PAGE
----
October 3, 2016

Keep Your Chickens Happy When You Can't Free Range


I can't let my chickens free range. Can you?

Keeping your chickens happy when they can't free range.

There are many risks in free ranging your birds: stray dogs, coyotes, foxes, hawks and more. My birds are in constant danger, mostly from coyotes but also from hawks. We even have bobcats in the area.

This post was sponsored by Chicken Coop Guides.

Some of you have safe backyards, with high fences to keep out critters and stray dogs. But if your flock is in danger like mine is, your chickens are probably confined to a coop and run, at least when you're not outside keeping a protective eye on them.

The hens have eaten and scratched up all the grass, and now have bare dirt. It's important to provide entertainment for confined chickens.

Do you feel sorry for your birds like I do? I see photos on other blogs of chickens wandering in grassy yards searching for tasty bugs to eat and I regret that mine have bare dirt in their run. It started out with grass but the hens have scratched up all the roots and now it's just dirt.

Because my girls are confined to the chicken coop and run all the time, I try to keep them as happy as possible. Here are some tips and ideas that might help you too.

Start with a great coop


Chicken Coop Designs carries plans you can use to build your own backyard chicken coop no matter how many hens you have. There are a wide range of styles and sizes in the book so you can choose the one that will work best for you. The plans include a complete list of materials to make shopping at the lumber yard easy (this is important to my husband), step-by-step instructions and detailed illustrations. Information on insulating and lighting your coop, ventilation, protection from weather and predators, and more topics is included too.


Build a backyard chicken coop.
Chicken coops can be built in a variety of styles and sizes to fit your flock.

Inside their book "DIY Chicken Coops" you'll even find plans for a mobile chicken coop (also called a chicken tractor) that you can move around your backyard, which would be a great solution for confined chickens. You could move the chicken coop every day or two to give your hens a change of scenery, new grass to nibble, and to fertilize your lawn.

Build a mobile chicken coop or chicken tractor for your backyard chickens.
A mobile chicken coop


In the chicken run


To keep my hens entertained I piled some large rocks in their run where bugs could hide. My hens enjoy searching for the bugs as well as playing King of the Hill on top of the rocks. I moved a fallen tree branch into the run that they can perch on, and they've been pecking at bugs in the bark of the branch. Every so often I move the branch to a new spot; it usually has pill bugs underneath that set the rooster calling to his hens to "come and get it!"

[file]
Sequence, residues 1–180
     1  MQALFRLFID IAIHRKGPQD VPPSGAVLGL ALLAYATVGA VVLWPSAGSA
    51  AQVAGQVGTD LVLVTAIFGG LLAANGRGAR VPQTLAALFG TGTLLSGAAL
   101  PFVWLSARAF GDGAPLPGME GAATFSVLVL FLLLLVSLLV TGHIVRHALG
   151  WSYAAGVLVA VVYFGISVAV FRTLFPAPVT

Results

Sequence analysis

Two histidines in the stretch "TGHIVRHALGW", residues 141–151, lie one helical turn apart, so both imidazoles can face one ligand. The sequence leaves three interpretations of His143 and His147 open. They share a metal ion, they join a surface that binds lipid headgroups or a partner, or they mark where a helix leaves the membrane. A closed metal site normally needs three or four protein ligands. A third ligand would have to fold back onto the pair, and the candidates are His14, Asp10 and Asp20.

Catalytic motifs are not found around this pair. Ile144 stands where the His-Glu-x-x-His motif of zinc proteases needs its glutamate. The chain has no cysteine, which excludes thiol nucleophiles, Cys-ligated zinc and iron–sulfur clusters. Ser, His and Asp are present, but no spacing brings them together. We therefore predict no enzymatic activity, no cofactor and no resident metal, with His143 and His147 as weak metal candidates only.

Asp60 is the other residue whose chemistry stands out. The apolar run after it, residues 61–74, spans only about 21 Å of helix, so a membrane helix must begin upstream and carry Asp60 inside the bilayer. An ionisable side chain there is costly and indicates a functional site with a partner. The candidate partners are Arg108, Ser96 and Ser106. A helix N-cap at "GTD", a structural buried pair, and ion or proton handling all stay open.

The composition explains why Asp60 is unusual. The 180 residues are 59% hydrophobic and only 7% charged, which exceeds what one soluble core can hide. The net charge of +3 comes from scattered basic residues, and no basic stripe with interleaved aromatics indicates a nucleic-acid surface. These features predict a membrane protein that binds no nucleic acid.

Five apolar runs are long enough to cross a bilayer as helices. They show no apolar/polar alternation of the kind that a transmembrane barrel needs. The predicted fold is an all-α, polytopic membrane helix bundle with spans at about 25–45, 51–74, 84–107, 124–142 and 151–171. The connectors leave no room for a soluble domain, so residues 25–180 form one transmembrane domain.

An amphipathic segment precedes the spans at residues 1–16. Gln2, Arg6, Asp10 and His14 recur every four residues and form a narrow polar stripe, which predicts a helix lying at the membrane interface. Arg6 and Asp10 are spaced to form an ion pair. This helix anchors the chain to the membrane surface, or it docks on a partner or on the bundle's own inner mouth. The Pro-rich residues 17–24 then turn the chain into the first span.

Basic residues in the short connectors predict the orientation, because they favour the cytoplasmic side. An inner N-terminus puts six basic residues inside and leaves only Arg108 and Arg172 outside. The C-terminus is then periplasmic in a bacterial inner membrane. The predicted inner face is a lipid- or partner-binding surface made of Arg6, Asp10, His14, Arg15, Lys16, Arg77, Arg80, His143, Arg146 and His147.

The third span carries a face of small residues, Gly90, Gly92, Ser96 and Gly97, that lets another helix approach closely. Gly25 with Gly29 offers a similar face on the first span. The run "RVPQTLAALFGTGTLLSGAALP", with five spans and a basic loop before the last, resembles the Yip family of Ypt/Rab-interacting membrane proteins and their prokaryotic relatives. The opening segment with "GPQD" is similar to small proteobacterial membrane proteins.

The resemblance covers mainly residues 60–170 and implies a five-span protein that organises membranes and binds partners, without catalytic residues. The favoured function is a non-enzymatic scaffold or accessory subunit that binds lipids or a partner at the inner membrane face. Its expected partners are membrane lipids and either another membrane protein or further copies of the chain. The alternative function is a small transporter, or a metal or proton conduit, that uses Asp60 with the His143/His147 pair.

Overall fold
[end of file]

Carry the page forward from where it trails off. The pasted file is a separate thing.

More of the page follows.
A pile of large rocks is a fun place to hunt for bugs - keeping your chickens happy.

I even made a chicken swing in the run by tying a branch to the roof supports with rope. Granted, I haven't seen a single hen use it, but it's there if they want to.

Even the chickens have a great view - how to keep your chickens happy.
Even the chicken run has a great view!

Dust bathing is an important chicken pastime. My hens scratched out a depression in the hard dirt, so I filled it with sand and soft dry dirt. It's their favorite hangout spot in the afternoon.

We covered the top of the run with shade cloth so the chickens have shade on hot summer days and some protection from rain.

Provide some extras inside the coop


The perch in front of our coop's large window is a favorite spot where the chickens like to sit and watch for me to come feed them or bring them a treat.

Keep your backyard chickens happy.

A mirror hung at chicken-height inside the coop is a fun boredom buster. We used an unbreakable mirror made to hang in bird cages.

Treats and goodies are a good way to keep boredom at bay, as long as you don't overdo it. Ours really enjoy corn cobs and melon rinds, beef and pork bones with bits of meat on them, and weeds I pull from the garden. A head of cabbage or lettuce hung with string keeps them entertained until the food is gone.

Change things around


Rearranging the coop and yard occasionally will make old things seem new again and might unearth a few bugs too.

How to keep your hens happy.

Start with the basics: a chicken coop that will protect your chickens from the dangers of predators and the elements. Then keep them entertained with objects as simple as a homemade swing or a pile of rocks to keep them happy and contented.



Disclosure: This post was sponsored by Chicken Coop Guides
The opinions in this post are my own and have not been influenced 
by Chicken Coop Guides and/or any other parties.



This post has been shared at some of my favorite blog hops
and was featured at The Homestead Blog Hop.


~~~~~

My hope is to inspire you, and to encourage your homesteading plans and your dreams of a simple, self-reliant, God-dependent life. You can follow me at:
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26 comments:

  1. What fantastic ideas! I can imagine it must be fun to watch them try to corral that lettuce hanging above.

    Thank you for visiting us on this week's Maple Hill Hop!

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    1. Daisy, it is fun to watch them play tetherball with a hanging lettuce or cabbage. Thank you for hosting the hop and for visiting!